Documentary, unrated, 106 minutes, on demand at santafechambermusic.com, 3 chiles
At first glance, the musical bow appears to be a humble and uncomplicated contraption. But the bow is an important tool for making music. It just happens to be small and difficult to see from the cheap seats. The Bowmakers (2019), a new documentary directed and produced by Ward Serrill, explores the creation of these exquisite devices and the lives of the craftspeople who both make and use them.
Lovingly shot and scored, The Bowmakers is very much a celebration of craftsmanship and obsession. The film focuses on the musicians who use bows, as well as on the select group of bowmakers who hand- assemble bows using woodcarving equipment. These finished bows are like Ferraris for members of string quartets who race not on the road but in the concert hall. Dedicated musicians know the type of wood and the exact batch used to create their favorite bows.
Pau-brasil, or Brazilwood, is used to create some of the most desirable bows, and the film reveals why the modern bow is rooted in the colonial period in Brazil. Pivotal moments in this narrative are recreated using puppets and childlike illustrations. The film also travels to Brazil to watch as locals harvest the colorful wood from the forest. It also goes to France, where the craft took on its current form, and to Port Townsend, Washington.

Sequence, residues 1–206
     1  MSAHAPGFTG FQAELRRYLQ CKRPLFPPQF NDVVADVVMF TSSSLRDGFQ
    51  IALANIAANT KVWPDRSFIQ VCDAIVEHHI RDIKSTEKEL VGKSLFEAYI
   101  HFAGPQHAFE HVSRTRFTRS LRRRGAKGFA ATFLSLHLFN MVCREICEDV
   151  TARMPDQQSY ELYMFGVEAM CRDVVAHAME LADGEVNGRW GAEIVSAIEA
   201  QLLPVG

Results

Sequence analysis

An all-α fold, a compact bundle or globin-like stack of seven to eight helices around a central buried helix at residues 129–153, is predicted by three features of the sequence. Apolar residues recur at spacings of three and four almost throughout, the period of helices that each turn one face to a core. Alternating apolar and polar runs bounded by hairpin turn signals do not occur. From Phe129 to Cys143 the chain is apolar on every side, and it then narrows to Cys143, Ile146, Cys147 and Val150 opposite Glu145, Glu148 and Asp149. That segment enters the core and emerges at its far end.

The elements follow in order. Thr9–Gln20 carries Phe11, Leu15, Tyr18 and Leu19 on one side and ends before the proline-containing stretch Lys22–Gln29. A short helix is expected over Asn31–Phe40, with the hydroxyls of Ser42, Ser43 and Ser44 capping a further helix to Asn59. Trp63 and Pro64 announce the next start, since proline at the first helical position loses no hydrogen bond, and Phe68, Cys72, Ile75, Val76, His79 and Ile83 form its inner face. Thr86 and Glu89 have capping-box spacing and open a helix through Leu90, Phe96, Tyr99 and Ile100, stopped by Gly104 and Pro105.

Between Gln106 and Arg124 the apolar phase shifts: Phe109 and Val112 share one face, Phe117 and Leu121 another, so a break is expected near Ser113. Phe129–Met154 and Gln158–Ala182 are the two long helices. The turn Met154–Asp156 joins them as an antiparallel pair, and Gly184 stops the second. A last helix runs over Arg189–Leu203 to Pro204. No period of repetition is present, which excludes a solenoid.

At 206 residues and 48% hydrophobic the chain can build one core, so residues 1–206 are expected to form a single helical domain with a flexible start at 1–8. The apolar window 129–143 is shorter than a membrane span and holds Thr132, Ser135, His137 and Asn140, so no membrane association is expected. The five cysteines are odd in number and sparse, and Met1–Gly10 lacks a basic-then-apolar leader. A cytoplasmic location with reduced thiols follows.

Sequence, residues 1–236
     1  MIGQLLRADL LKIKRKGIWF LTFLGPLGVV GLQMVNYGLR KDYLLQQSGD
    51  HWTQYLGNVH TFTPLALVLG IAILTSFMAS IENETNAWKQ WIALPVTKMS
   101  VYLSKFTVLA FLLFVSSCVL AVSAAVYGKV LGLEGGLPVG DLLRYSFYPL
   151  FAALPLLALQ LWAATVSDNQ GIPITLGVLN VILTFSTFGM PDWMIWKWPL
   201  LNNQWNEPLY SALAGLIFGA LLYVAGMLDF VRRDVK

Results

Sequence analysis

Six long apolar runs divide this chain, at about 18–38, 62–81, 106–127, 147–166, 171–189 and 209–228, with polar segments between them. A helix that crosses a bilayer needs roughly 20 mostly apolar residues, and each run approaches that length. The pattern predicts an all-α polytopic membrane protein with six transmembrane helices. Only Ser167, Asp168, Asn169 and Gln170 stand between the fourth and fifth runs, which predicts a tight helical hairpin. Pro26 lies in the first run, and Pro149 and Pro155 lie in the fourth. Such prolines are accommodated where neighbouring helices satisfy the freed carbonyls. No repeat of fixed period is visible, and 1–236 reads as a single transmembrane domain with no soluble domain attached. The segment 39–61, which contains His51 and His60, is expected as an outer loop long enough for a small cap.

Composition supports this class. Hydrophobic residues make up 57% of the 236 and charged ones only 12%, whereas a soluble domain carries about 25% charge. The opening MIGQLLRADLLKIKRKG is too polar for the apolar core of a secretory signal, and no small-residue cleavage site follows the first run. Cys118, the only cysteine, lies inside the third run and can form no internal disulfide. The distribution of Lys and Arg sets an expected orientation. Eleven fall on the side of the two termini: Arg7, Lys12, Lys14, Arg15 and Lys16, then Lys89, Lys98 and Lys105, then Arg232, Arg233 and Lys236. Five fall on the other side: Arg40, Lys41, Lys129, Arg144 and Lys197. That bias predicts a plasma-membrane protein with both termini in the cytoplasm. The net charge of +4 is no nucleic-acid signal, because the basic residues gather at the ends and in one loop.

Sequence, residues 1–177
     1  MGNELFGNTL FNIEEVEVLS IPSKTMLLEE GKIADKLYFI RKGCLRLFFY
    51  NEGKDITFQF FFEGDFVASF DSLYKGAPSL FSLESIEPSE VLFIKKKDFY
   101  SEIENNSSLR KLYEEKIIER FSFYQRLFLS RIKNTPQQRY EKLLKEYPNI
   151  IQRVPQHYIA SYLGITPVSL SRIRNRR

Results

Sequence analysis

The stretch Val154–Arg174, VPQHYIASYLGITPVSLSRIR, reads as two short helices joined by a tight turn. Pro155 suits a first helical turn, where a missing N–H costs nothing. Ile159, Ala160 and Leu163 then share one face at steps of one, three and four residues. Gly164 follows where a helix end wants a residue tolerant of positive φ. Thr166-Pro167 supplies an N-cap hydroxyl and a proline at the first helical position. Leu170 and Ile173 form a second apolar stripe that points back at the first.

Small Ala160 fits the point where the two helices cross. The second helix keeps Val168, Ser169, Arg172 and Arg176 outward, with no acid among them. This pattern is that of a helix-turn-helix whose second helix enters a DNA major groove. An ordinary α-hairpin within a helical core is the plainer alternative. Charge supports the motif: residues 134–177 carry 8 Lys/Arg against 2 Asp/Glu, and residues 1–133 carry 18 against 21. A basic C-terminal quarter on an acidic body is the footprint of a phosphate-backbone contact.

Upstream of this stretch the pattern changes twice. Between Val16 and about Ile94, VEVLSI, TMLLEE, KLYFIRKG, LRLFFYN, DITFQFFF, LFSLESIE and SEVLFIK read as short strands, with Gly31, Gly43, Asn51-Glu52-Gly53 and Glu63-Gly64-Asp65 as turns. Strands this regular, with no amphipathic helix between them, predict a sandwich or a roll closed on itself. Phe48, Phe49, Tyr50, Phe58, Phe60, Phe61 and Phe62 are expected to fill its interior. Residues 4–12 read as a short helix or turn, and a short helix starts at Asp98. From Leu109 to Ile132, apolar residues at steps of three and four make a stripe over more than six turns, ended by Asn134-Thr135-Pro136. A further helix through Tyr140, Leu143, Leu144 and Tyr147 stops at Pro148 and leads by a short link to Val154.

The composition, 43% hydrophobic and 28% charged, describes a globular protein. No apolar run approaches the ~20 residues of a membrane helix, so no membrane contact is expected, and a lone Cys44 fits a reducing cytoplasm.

Port Townsend is home to Charles Espey, one of the most respected bowmakers in the world, and a number of his students who also have successful bowmaking shops. Espey is a true traditionalist who makes everything by using time-honored tools and methods. Much of the pleasure of this film is watching him and his students do their work.
The Bowmakers is escapist viewing for the musically inclined and the process-obsessed. It also has enough unusual factoids to fuel a dinner conversation over Zoom. For those uninterested in music or woodworking, the film may feel unfocused.
The film screens online via the Santa Fe Chamber Music Festival Saturday, Oct. 3, and Oct. 10, and it should appeal to fans of the festival who might find their pandemic existence lacking in live music. There’s plenty of excellent string playing and lots of behind-the-scenes footage focuses on the Dover Quartet, an award-winning group that plays across North America. The film’s score also has tracks by the Miro Quartet and Brooklyn Rider, among others.
The tickets are $15 per household. Register to watch the film at santafechambermusic.com. On Oct.10, the film is paired with a live panel discussion about the making of The Bowmakers, which features members of the Dover Quartet, as well as the film’s producer/director, bowmaker Robert Morrow Morrow.